Athletic Voice: Men’s basketball not that bad


The hard facts are undeniable: a 16-game losing streak, a 5-23 record, a 2-20 Arizona Community College Athletic Conference record and no wins over a college team since Dec. 11.

The Pima Community College men’s basketball team went from seventh place in the country last year, almost national champions, to a team suitable to cut if Pima needs to follow Yavapai College’s route.

However, this won’t be a column saying they lack tiger blood. Pima may have an embarrassing record, but the team should have more asterisks than the MLB record book.

All you need to know about Pima’s men’s basketball season was that on Sophomore Night, they only had two players to honor: Daniel Conorque and Justin Chambers.

Conorque, a big reason why Pima went 3-1 at Nationals last year and the only returning Aztec, was in street clothes and held up by crutches. During the same game, Chambers left with an injury in the second half.

Head coach Roderick Gary, who was hired in late July after the last coach stepped down in early May, was given next to no chance to succeed this season.

He had little time to recruit. Then, potential sophomores from last year’s Regional champion team abandoned the sinking ship like rats off the Titanic.

The Aztecs still found some very impressive players, like Chambers, but few were able to stay academically eligible.

Pima lost many games on the court, but probably fared worse in the classroom.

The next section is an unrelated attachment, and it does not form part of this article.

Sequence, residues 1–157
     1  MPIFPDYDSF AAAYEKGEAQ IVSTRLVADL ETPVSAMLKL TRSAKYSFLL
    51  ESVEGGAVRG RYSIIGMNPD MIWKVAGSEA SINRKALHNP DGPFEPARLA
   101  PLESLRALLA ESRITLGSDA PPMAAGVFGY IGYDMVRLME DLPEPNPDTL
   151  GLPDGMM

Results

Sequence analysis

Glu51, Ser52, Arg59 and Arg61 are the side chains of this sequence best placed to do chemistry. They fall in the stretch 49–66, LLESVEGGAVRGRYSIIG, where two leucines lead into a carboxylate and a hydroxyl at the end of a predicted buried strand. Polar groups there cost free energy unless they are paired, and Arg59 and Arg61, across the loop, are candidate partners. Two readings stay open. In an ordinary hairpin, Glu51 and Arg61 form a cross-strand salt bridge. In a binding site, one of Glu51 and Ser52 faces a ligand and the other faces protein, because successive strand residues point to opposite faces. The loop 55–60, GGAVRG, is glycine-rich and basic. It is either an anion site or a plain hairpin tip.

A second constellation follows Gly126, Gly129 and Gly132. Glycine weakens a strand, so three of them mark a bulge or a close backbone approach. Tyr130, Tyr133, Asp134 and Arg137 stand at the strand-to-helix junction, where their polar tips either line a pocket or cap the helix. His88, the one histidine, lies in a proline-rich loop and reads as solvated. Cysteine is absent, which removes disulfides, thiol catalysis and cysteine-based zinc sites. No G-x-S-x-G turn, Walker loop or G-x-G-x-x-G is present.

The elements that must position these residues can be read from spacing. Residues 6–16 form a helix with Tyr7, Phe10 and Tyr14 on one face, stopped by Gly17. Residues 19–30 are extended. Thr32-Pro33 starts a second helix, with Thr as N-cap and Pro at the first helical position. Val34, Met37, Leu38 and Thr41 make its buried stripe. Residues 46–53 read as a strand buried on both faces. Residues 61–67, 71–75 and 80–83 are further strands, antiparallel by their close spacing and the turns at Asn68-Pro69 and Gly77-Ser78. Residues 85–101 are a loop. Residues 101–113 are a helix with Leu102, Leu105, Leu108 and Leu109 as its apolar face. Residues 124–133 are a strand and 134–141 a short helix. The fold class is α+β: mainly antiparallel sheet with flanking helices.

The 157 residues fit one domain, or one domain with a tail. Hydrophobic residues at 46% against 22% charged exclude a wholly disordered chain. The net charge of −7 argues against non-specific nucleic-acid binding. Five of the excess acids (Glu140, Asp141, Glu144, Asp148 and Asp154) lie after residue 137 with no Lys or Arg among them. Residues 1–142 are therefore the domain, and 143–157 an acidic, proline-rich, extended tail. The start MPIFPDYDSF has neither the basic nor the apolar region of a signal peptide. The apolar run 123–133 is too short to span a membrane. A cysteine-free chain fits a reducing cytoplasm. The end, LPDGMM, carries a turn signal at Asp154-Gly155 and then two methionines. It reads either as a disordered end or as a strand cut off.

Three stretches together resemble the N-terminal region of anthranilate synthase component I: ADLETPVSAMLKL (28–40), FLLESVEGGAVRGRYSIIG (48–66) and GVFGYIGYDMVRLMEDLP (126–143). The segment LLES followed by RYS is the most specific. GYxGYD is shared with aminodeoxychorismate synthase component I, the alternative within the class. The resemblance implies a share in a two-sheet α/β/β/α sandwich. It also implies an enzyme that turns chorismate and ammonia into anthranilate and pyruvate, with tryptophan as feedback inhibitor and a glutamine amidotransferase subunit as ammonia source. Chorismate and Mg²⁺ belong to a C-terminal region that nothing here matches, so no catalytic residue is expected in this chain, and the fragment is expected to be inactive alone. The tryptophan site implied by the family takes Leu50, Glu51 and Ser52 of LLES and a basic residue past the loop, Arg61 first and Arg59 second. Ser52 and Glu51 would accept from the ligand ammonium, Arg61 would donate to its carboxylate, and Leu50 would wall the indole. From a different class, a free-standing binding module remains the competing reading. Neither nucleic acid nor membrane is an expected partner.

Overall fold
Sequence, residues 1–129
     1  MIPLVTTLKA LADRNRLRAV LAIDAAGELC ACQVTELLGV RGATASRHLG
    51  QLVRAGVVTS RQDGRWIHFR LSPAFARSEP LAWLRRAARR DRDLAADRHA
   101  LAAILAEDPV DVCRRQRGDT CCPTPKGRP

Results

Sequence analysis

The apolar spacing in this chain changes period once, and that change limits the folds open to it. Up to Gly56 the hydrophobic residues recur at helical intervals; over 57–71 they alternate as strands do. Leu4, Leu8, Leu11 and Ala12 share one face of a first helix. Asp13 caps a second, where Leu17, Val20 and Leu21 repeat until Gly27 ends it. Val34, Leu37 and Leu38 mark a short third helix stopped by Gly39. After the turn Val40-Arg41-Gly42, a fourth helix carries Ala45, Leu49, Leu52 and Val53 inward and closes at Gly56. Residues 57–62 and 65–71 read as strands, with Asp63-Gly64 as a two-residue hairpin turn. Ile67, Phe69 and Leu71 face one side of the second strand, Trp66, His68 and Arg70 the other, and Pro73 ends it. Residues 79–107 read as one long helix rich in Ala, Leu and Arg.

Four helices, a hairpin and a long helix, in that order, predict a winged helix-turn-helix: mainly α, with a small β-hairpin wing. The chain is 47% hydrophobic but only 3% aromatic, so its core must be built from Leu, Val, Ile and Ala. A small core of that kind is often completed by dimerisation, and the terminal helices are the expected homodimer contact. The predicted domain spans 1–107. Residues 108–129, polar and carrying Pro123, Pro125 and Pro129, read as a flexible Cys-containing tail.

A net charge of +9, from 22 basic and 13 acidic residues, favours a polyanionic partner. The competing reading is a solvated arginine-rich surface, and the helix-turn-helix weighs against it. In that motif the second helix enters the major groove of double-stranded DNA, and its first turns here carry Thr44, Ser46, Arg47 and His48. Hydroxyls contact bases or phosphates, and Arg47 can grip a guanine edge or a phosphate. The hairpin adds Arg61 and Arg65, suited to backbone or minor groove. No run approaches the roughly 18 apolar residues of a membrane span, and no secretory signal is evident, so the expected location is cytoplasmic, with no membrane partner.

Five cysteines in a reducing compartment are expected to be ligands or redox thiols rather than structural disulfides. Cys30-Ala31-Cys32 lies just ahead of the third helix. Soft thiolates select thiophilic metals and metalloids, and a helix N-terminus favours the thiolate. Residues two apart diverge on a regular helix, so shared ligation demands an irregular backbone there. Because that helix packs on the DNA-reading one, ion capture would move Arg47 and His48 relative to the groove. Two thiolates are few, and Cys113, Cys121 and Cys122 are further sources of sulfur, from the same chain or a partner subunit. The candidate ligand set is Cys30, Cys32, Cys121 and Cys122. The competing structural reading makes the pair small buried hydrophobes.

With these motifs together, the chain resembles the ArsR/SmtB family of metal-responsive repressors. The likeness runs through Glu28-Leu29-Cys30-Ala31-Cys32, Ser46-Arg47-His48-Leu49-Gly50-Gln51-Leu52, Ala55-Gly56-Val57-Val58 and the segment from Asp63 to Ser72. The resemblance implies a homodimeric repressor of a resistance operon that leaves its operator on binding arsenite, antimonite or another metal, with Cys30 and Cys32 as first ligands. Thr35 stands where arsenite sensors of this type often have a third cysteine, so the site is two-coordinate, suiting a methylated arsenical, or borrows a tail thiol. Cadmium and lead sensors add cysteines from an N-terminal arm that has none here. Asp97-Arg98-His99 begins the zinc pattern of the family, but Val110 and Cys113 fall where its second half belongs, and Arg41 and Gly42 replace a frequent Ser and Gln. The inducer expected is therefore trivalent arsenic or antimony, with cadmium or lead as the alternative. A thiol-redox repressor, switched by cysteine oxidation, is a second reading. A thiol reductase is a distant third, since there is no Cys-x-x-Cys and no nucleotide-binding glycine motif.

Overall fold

In the preseason, the Aztecs started with 21 on the roster. The number fell to 10 before the first game. Among those lost were three starters, all the big men.

When Pima’s record was 2-6, freshman guard DeVante Harkin said, “With guys being gone because of eligibility, it’s like the Celtics without their Big Four.”

The Aztecs expected to get those three back when the spring semester started. Instead they were rocked by losing six more players to grades. On top of that, Conorque was lost for the season due to injury.

Yes, it is embarrassing to have any players ineligible for junior college basketball, much less a whole team’s worth. But you can hardly blame a new part-time coach who was hired late.

Gary didn’t have time to scout the players’ transcripts and talk to instructors about their classroom game. He was scrambling just to field a team, and 5-23 is better than 28 forfeits.

PCC finished the season with nine players on the roster. None stood taller than 6 feet 6 inches.

This season was rough, but Gary has shown he can find talent. Now, they just have to make the grade.

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